Lemma 1.7. Equation (1.6) has no right semicycle with an infinite terms for the positive initial conditions and .

Proof. Conversely, assume that (1.6) has a right semicycle with an infinite terms. And, let be periodic sequence of natural numbers with period two such that . Without loss of generality, we denote by the first term of right semicycle with an infinite terms. There is at least . For all , we can write which implies But this is a contradiction which completes the proof.

We omit the proof of the following lemma, since it can easily be obtained similarly.

Lemma 1.8. Equation (1.6) has no right semicycle with an infinite terms for the negative initial conditions and .

2. Main Results

Since is a two periodic, it has the form . If , then (1.6) becomes , from which it follows that every well-defined solution is periodic with period two. Hence, in the sequel, we will consider the case when at least one of and is not zero.

2.1. The Case

Theorem 2.1. If and at least one of the initial conditions is arbitrary positive real number, then every well-defined solution of (1.6) is eventually periodic with period two.

Proof. Firstly, assume that . Then, we have . There are two cases to be considered.(a)If , then . Hence, From Lemma 1.4, the result follows.(b)If , then . We have There are two subcases to be considered.(b1)If , then . Hence, From Lemma 1.4, the result follows in this case.(b2)If , then . We have There are two subcases to be considered.(b21)If , then . We have From Lemma 1.4, the result follows in this case.(b22)If , then . The result follows Lemma 1.7. Secondly, assume that , then we have From Lemmas 1.5 and 1.6, the result follows (the case is similar, so it will be omitted) which completes the proof.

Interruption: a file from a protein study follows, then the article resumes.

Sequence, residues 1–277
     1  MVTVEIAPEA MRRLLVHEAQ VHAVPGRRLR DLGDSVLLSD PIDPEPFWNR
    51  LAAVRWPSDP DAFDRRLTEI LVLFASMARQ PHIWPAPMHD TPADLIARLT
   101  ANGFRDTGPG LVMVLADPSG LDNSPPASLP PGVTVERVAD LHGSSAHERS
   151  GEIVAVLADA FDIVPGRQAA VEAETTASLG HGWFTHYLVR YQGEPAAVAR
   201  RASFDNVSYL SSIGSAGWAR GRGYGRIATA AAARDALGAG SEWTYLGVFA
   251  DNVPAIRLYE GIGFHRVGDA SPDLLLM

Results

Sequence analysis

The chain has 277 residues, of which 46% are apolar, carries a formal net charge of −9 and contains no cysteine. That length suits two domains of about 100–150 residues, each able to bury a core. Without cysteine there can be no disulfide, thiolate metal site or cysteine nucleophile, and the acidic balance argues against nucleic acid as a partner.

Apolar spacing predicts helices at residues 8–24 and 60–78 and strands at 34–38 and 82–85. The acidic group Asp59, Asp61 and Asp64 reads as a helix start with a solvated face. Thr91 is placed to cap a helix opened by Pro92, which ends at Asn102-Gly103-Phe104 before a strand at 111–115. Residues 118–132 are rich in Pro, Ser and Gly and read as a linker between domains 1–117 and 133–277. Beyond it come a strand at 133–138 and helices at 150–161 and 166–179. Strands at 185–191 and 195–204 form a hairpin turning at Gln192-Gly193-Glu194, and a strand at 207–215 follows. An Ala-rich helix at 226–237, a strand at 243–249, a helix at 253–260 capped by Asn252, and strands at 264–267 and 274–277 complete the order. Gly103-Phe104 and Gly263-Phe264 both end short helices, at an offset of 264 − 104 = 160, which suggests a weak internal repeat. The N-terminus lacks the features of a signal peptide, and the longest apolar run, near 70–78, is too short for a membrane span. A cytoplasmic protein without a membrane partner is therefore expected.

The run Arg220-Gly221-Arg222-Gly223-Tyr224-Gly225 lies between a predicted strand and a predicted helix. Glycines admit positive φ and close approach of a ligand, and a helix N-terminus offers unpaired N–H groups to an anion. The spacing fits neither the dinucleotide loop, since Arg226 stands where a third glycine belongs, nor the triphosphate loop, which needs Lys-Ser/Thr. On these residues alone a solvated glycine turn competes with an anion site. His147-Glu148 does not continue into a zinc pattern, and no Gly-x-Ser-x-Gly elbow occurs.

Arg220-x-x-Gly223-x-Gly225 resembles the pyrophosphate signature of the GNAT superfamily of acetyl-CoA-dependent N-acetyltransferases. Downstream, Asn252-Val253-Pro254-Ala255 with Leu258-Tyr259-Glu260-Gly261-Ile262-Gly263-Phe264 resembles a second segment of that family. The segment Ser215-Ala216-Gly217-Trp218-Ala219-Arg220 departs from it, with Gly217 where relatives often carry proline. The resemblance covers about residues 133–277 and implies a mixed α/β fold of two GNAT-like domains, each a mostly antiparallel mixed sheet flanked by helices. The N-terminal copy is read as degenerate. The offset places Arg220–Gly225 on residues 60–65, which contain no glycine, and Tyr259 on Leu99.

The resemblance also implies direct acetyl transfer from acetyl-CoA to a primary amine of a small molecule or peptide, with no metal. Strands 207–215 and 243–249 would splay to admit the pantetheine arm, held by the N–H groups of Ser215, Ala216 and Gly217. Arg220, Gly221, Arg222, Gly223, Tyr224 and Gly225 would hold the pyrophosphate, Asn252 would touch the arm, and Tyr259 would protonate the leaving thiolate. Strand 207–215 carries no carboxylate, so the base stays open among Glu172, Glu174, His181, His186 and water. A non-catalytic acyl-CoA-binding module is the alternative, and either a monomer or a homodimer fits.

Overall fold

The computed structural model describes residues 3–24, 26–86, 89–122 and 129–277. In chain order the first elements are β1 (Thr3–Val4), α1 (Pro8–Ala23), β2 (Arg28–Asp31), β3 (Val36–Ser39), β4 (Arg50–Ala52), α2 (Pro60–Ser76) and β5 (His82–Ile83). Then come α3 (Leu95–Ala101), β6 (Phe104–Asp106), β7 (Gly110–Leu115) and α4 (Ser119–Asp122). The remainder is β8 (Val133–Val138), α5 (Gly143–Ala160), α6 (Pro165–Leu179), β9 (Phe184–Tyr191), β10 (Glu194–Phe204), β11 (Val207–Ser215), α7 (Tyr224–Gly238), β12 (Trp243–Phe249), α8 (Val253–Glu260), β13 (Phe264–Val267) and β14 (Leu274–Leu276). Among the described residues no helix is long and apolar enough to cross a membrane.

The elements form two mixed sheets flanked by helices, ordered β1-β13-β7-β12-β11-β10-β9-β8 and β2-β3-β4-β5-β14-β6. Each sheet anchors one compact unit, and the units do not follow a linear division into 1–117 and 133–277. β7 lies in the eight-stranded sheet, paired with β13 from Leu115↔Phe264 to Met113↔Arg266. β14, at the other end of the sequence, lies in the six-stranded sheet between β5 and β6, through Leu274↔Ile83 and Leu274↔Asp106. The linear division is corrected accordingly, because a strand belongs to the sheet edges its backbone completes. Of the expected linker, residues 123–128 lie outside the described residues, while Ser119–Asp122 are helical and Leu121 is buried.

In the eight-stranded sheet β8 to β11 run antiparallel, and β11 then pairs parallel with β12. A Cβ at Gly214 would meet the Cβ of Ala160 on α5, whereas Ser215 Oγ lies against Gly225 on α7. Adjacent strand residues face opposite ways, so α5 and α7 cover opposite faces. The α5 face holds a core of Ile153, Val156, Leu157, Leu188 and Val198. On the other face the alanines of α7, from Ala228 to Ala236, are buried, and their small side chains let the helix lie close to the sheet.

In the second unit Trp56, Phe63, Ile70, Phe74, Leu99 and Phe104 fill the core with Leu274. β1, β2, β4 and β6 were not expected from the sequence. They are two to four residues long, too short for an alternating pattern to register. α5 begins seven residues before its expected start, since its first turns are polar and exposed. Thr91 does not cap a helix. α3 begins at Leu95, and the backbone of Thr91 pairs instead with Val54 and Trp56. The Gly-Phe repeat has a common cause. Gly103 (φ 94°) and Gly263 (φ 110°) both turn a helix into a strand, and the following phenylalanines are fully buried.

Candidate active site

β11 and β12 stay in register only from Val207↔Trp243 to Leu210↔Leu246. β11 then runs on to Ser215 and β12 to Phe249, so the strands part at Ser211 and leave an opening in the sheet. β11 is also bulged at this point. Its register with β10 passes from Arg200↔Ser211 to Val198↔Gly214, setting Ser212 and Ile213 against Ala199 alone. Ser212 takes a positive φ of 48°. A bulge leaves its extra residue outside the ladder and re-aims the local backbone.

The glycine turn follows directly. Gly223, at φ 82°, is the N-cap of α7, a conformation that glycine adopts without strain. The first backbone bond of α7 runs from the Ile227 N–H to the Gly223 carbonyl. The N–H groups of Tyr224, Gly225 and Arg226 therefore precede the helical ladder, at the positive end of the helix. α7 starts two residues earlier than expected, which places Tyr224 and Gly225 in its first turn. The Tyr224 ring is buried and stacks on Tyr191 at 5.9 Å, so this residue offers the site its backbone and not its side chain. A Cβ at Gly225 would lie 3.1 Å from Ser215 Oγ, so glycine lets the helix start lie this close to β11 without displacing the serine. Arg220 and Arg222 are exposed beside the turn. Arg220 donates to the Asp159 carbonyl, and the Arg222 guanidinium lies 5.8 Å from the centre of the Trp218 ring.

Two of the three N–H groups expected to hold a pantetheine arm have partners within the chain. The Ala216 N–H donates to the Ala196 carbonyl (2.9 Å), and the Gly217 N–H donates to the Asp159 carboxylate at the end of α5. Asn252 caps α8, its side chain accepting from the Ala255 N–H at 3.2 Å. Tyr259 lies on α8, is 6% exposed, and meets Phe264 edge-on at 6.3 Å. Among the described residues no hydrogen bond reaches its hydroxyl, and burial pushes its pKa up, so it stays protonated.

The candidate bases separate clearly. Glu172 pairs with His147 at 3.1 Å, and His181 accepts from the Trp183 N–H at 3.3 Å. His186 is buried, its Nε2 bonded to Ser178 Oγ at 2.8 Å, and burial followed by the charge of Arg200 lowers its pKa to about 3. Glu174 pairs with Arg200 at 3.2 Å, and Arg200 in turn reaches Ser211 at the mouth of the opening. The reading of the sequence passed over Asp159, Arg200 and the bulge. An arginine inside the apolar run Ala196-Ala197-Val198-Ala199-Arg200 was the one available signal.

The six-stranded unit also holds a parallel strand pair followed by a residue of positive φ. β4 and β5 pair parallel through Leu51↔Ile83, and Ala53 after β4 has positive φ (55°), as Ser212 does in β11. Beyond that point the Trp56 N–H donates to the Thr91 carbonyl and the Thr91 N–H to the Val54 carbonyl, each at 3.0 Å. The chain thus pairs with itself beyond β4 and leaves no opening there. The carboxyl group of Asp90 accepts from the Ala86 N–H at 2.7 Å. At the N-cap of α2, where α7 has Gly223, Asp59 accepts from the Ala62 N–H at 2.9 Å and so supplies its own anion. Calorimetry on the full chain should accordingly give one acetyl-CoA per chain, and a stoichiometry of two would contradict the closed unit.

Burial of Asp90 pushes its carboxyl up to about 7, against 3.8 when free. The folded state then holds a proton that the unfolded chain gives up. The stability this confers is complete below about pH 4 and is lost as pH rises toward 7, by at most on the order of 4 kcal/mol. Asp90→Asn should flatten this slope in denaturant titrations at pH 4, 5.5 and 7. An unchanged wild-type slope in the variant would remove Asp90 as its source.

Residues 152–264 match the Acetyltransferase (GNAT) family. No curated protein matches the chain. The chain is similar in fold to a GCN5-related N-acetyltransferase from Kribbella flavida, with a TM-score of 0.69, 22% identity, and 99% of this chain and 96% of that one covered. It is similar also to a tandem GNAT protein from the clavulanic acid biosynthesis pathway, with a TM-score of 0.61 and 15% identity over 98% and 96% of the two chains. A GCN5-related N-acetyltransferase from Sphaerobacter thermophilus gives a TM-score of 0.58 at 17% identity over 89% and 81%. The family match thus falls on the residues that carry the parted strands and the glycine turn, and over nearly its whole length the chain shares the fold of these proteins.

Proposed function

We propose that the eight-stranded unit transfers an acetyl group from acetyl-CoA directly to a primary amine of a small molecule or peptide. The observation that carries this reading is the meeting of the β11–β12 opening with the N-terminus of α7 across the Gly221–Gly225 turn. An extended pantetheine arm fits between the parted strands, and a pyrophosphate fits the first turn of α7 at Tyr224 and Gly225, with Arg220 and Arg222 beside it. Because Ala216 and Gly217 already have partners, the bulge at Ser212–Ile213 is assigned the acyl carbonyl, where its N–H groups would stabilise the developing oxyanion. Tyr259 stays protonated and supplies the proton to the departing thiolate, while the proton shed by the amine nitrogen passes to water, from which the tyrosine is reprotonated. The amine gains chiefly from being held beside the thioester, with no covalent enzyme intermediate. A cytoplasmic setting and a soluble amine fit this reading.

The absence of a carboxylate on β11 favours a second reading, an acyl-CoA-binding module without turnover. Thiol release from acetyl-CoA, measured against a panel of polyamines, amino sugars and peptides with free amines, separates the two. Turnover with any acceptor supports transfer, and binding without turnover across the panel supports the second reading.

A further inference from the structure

Remark 2.2. If and , then every well-defined solution of (1.6) is not periodic.

2.2. The Case or

Theorem 2.3. If or , then every well-defined solution of (1.6) is eventually periodic with period two.

Proof. First assume that . Then, we have From Lemmas 1.5 and 1.6, the result follows. The case is similar, so it will be omitted.

2.3. The Other Cases

If at least one of and greater than one, then we have the well-defined solutions of (1.6), where the positive initial conditions are not periodic. So, there are many cases in which solutions of (1.6) are not periodic. If the solutions of (1.6) are not periodic, then general solution of (1.6) can be obtained for many subcases.

Theorem 2.4. Assume that is a well-defined solution of (1.6) for and .(a)If and or , then (b)If and or , then

Proof. (a) It can be proved by induction. Let and . For , (2.8) holds. Assume that (2.8) holds for all . We may assume that is even (the case is odd is similar, so it will be omitted). Then, by the inductive hypothesis, we have which completes the proof.
(b) Also, this case can be proved similarly.

Now, we describe the behavior of solutions of (1.6) for some other cases. We omit the proof of the following theorem, since it can easily be obtained by induction.

Theorem 2.5. Assume that is a well-defined solution of (1.6).(a)If and , then(b)If and , then (c)If and ,,, then

There are many different cases. The different cases can be obtained similarly.

Theorem 2.6. If and initial conditions are negative, then every well-defined solution of (1.6) is eventually periodic with period two.

Proof. Assume that . Then, There are two cases to be considered.(a)If , then ,, . Then, the result follows Lemma 1.4.(b)If , then . There are two subcases.(b1)If , then , . Then the result follows Lemma 1.4.(b2)If , then there will be subcases and from Lemmas 1.4 and 1.8 which completes the proof.

Acknowledgment

I am grateful to the anonymous referees for their valuable suggestions that improved the quality of this study.

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Copyright © 2012 İbrahim Yalçınkaya. This is an open access article distributed under the Creative Commons Attribution License, which permits unrestricted use, distribution, and reproduction in any medium, provided the original work is properly cited.